A Gold Star mother never forgets
The holidays are a busy time for Deborah Getz, but not because she’s celebrating.
Instead, Getz spends the weeks after Thanksgiving organizing an annual toy drive for hundreds of local military families. Then she hosts the Military Santa Claus Christmas Party in mid-December, which is a free event for all active duty military families or children who lost a parent serving in Afghanistan or Iraq.
“We don’t really do Christmas anymore,” she said.
The Roseville resident hasn’t celebrated the holiday since her 18-year-old son, Kristofer Thomas, was killed in action in Afghanistan.
She says she has a hole in her heart that will never mend.
Her youngest son graduated from Roseville High School a semester early in January 2006. As a teenager, he did boxing and martial arts, enjoyed the outdoors and listened to rap music. He rode a motorcycle and volunteered for the Roseville Police Activities League.
Getz says she remembers her son as a 14-year-old begging his father’s friend, an army recruiter, to “get me in, get me in” to the army. He became a U.S. Army Ranger at 17 and deployed to Afghanistan in January 2007.
Thomas joined the army because he wanted to help people living in oppressive situations, he wrote in an essay for his U.S. government class.
“I questioned the reasons why we are at war, good and bad,” Thomas wrote. “I came to the conclusion that people fighting for the U.S. are everyday people, my brother Nic included. I don’t want to just sit back and watch the casualty numbers climb. I need to do something to help out.”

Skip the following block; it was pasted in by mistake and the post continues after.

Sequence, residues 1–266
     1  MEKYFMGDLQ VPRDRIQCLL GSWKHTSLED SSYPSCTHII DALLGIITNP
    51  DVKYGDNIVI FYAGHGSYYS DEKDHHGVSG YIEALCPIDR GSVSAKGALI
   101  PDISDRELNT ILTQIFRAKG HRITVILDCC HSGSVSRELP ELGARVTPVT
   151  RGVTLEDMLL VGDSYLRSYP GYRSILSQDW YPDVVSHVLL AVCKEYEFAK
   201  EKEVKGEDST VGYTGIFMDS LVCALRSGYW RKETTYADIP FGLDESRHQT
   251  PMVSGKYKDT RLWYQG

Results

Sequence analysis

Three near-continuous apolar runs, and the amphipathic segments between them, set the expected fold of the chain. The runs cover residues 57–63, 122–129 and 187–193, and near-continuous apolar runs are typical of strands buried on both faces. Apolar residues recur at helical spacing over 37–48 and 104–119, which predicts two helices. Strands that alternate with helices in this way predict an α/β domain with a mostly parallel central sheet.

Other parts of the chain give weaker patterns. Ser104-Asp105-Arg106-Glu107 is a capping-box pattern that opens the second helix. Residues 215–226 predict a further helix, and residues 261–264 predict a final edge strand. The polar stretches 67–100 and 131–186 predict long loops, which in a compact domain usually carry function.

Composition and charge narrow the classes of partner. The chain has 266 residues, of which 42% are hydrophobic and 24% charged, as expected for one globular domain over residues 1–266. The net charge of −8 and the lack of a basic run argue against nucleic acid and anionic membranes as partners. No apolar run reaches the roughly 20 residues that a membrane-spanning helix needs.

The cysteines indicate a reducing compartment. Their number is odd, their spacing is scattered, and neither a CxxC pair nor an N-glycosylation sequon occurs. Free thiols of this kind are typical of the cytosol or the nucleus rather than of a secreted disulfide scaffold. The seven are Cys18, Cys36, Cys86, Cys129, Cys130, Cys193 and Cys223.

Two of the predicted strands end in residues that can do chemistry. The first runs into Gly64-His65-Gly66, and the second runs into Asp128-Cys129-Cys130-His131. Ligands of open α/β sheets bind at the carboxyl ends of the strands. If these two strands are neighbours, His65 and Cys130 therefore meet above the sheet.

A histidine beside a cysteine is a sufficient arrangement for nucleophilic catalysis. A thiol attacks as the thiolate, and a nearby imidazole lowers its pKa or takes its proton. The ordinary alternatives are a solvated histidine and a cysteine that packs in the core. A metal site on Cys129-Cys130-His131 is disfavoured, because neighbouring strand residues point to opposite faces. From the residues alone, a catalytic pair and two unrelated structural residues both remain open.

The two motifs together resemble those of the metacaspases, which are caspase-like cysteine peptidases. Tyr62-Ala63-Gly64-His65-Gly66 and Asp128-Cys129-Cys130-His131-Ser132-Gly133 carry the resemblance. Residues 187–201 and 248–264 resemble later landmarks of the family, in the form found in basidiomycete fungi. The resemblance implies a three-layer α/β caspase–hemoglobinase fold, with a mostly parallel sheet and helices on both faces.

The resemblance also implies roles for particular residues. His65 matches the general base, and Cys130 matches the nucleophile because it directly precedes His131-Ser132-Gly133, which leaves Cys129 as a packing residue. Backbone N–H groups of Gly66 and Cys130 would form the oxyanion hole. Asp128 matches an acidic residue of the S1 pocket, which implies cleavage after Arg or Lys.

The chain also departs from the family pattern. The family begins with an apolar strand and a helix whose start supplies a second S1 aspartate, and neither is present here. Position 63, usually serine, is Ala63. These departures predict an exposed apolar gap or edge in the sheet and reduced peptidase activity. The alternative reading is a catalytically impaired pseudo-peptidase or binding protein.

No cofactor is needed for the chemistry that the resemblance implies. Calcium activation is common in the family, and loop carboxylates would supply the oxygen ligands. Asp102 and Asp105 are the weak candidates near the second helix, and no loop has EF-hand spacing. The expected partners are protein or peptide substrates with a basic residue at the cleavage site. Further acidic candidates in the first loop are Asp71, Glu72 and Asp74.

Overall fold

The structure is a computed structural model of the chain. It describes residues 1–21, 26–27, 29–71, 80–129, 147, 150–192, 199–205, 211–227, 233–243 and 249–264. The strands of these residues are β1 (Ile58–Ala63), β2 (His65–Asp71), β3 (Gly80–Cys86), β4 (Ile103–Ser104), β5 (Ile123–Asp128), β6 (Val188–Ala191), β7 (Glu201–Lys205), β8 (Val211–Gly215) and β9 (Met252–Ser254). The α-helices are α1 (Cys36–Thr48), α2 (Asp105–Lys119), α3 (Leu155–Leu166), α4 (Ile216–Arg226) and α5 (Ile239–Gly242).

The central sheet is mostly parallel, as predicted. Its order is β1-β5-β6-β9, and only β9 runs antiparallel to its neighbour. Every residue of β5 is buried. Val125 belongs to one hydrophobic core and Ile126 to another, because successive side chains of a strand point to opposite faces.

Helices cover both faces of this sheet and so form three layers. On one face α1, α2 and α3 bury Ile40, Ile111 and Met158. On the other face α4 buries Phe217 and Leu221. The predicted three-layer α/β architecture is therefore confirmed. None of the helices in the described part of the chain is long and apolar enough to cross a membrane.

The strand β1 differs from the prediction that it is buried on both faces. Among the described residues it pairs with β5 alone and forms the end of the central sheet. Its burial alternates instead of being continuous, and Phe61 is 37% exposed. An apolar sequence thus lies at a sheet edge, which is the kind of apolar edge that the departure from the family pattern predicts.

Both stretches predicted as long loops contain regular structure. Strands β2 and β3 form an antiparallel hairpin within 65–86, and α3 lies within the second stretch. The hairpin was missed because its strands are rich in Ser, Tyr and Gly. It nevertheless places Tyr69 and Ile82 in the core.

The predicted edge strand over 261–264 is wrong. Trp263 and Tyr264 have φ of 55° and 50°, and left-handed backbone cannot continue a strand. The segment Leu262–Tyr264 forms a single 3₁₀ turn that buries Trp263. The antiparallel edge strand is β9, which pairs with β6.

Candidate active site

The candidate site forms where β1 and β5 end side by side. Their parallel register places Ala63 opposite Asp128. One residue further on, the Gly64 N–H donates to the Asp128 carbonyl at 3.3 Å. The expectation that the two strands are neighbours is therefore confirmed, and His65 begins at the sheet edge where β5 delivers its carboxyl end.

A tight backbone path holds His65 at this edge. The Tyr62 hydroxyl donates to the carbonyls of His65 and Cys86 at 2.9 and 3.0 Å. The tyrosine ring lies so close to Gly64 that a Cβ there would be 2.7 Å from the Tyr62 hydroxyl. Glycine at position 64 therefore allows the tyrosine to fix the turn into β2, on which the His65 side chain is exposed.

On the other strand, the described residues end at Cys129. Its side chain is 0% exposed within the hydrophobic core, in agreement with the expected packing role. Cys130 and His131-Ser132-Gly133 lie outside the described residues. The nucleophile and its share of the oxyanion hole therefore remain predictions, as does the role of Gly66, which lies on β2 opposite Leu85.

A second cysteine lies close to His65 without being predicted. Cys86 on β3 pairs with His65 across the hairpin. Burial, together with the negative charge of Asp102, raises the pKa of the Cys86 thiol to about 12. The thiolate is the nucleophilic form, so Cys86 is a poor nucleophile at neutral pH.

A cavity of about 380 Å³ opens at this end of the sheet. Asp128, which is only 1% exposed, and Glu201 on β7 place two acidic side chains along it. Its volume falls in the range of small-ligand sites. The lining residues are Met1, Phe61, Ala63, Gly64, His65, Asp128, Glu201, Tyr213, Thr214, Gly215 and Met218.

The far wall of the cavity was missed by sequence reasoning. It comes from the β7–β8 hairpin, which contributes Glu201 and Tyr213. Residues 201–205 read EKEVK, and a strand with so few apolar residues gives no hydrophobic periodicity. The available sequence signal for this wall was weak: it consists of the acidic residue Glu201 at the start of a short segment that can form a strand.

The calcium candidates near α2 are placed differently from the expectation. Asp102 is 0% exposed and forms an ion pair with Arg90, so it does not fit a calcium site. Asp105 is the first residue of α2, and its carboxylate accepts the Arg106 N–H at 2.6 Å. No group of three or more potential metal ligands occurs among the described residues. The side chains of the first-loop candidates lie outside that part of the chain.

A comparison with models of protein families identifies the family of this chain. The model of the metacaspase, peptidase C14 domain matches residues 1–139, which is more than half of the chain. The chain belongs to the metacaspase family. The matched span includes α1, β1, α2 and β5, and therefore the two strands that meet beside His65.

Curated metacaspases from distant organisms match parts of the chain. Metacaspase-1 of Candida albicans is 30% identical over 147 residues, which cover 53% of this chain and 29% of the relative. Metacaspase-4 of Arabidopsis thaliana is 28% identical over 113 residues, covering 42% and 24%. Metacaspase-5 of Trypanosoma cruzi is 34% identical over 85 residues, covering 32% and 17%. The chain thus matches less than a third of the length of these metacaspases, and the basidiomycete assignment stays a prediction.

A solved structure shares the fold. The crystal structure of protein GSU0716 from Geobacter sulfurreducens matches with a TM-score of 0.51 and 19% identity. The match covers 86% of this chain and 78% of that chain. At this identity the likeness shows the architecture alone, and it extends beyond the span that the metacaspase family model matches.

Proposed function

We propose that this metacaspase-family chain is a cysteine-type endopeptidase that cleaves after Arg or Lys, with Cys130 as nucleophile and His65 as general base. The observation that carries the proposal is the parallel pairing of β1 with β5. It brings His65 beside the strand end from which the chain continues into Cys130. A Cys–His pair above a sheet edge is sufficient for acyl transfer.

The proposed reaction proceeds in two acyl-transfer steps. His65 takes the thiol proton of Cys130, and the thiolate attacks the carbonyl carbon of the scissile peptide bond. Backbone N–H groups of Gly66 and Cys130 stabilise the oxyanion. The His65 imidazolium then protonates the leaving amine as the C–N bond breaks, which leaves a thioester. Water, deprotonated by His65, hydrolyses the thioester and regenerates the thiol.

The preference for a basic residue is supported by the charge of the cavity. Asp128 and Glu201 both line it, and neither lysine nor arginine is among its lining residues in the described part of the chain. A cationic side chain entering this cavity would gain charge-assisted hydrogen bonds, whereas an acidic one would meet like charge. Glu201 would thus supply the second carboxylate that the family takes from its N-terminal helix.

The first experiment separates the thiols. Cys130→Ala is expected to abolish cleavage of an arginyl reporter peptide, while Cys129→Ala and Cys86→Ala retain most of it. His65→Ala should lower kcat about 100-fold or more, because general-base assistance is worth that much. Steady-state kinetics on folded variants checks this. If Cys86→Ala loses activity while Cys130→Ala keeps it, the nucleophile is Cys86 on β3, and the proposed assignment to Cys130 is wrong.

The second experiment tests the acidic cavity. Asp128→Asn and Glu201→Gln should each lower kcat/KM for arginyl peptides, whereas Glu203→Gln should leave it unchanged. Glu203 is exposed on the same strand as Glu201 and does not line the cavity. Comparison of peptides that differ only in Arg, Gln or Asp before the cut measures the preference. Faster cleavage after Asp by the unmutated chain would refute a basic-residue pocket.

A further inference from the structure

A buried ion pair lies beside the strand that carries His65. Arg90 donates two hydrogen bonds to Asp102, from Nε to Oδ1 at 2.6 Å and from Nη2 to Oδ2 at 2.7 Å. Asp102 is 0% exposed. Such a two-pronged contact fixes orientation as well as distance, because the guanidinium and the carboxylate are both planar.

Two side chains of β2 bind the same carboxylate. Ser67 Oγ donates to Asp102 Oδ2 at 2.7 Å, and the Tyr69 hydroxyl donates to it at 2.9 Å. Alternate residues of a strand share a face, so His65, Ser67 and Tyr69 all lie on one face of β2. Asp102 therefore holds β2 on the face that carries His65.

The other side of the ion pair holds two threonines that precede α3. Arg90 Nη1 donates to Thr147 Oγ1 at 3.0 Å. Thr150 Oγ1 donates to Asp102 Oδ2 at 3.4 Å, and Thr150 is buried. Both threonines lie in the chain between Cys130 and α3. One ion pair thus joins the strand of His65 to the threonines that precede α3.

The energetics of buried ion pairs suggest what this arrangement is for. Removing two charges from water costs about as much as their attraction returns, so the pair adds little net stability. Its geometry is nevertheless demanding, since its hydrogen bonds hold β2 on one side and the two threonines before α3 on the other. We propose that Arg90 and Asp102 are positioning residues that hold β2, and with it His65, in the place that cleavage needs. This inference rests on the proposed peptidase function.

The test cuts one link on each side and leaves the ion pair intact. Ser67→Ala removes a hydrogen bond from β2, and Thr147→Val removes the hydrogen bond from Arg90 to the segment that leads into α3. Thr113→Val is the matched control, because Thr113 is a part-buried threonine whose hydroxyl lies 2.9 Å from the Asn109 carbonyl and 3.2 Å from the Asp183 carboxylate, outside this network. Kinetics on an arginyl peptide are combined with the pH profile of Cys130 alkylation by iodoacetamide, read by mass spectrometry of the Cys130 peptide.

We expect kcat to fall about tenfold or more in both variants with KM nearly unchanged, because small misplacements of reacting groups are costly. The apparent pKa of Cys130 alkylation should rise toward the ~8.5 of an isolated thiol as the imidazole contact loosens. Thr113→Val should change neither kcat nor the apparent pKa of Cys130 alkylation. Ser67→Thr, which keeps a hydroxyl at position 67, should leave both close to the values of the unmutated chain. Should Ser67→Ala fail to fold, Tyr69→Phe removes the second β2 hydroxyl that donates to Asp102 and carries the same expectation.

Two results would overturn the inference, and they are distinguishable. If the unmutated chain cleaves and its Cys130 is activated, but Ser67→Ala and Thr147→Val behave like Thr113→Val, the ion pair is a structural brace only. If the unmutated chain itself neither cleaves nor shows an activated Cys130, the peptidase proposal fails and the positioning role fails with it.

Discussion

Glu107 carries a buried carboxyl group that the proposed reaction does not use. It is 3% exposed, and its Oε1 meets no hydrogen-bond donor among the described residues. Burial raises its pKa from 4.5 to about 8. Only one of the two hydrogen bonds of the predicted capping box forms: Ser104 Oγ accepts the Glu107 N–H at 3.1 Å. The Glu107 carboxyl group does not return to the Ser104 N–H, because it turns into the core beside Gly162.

He died along with seven other soldiers, out off 22 onboard, when a helicopter malfunctioned and crashed on Feb. 17, 2007.
Thomas was the first Roseville resident to die in action while serving in Afghanistan, according to government reports.
“It would be easy to say that February 18, 2007 was the hardest day of my life, but in all honesty I’d have to say there isn’t a day when the pain is so overwhelming that I have to push myself just to put one foot in front of the other,” Getz wrote on her website.
Thomas’s death nearly destroyed Getz before she decided to direct her energy toward supporting other military families and founded Never Forget Our Fallen. The nonprofit organization aims to honor and remember fallen soldiers, and provide assistance to service men and women and their families.
Getz is a Gold Star Mom. Following World War I, a group of women formed the American Gold Star Mothers, Inc. in 1929 to provide support for mothers who lost their sons or daughters in war. Nearly 150 Gold Star Mothers chapters now exist in the United States.
“I have become a Proud Gold Star Mom,” she said. “I believe it is my duty to help our communities not forget the sacrifices that our servicemen and servicewomen have made for the ongoing freedom we so cherish in this country.”
Getz’s older son, Nicholes Doan fought active duty in Iraq and was honorably discharged in August 2008.
“This makes me a Blue Star (Mom), too,” Getz said.
Sena Christian can be reached at firstname.lastname@example.org. Follow her on Twitter at SenaC_RsvPT.
Date of birth: Oct. 6, 1988
Date of death: Feb. 17, 2007
High school: Roseville High School
Dreams for the future: To become a U.S Army Ranger
Rank in military: Army Ranger
Where killed: Airborne in Afghanistan
Honoring our heroes
The Journal continues its week-long series to honor those who’ve served and those who gave their lives during the Iraq and Afghanistan wars. To read stories, view photos and watch video, visit www.auburnjournal.com.
Sunday – How does the community help? A look at what’s available for veterans
Monday – A father remembers his son
Tuesday – Family keeps soldier at home year-round
Wednesday – Wife carries on husband’s memory
Thursday – A look at local soldiers who’ve lost their lives
Friday – A Gold Star parent keeps traditions alive
Sunday – A soldier comes home